Debts can feel overwhelming, and it can be hard to know where to turn.

Even before the coronavirus pandemic and the living costs surge we’re currently seeing, more than a third (35%) of households in Britain were spending more than their disposable income, according to Office for National Statistics (ONS) figures.


With Debt Awareness Week 2022 taking place between March 21 and 27, it’s important to know help is available and you don’t have to deal with money struggles alone.

Tips for managing debt

Here are some tips for managing debt, from managing director at Shawbrook Bank ( Paul Went…


1. Check your spending

Went recommends looking at your incomings and outgoings. If you’re spending more than you earn, see if there’s anything you could cut back on – even if it’s just for a few months.

“Cutting back on even small purchases is a step in the right direction to paying back any loans or debts you owe,” he says.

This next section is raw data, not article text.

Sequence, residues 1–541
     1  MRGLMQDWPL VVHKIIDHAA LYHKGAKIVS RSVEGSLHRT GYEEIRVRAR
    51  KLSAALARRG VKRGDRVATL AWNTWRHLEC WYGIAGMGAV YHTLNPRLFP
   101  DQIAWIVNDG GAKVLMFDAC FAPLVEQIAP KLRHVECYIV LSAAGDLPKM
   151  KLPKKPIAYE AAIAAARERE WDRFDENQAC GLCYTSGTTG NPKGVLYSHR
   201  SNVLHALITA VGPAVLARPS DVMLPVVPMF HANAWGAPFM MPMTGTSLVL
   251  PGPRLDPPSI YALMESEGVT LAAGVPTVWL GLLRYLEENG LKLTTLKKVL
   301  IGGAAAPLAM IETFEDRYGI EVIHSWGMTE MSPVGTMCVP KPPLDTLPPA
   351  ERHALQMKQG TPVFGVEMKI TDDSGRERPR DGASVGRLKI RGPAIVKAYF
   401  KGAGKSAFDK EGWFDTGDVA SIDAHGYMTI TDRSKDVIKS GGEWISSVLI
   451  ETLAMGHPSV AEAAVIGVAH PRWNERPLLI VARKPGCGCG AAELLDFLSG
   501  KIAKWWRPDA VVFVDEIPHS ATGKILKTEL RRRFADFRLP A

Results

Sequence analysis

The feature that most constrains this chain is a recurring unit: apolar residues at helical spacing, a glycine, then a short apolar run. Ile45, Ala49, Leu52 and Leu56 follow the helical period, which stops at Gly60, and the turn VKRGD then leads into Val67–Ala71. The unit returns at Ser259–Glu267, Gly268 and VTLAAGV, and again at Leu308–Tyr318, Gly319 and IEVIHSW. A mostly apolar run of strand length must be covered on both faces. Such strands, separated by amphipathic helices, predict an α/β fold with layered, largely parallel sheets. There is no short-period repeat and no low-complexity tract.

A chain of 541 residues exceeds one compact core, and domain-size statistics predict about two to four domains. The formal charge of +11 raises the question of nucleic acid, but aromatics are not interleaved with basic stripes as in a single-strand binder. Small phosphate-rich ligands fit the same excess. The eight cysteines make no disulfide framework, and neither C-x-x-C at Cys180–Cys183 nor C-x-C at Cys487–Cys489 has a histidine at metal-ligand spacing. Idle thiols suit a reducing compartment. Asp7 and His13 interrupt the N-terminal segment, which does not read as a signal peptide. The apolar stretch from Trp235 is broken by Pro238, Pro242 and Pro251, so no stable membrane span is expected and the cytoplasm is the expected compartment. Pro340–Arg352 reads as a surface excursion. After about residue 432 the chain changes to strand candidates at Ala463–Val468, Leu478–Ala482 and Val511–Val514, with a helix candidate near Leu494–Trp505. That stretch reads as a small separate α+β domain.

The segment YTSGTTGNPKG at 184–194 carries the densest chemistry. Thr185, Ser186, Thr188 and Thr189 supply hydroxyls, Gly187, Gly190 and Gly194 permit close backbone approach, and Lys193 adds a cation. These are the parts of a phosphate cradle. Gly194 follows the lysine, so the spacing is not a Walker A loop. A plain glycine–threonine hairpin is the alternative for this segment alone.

2. Get support

Speaking to family members or trusted friends may help. There are also organisations such as Citizens Advice (, StepChange Debt Charity ( and the National Debtline ( – a debt advice charity run by the Money Advice Trust. Some people may be able to access “breathing space” schemes, to get temporary respite from debts.

Went adds: “If you find yourself in a place where your debt has become unmanageable, talk to your lender about your situation, rather than missing a payment.”


3. Create a plan

This involves working with a debt advice organisation to work out priority and non-priority debts.

Some bills are classed as priorities – for example, your rent or mortgage – because the consequences of not paying them can be more severe.

4. Ask your lender about payment holidays

In general, Went says: “Payment holidays can offer a short-term break from monthly repayments, but it’s important to remember interest is still charged during this period. This means the total amount of debt which you need to repay will increase, and is usually added on to the total amount payable.”


5. Would moving your debts help?

A debt consolidation loan could “enable you to combine all or some of your existing debts into one manageable monthly repayment”, Went adds.

If you’re currently paying high-interest rates on debts, it might be a good idea to see how you could reduce these charges.

Another option could be moving debts onto a zero-interest balance transfer card, but be sure to take any fees into account before transferring the balance.

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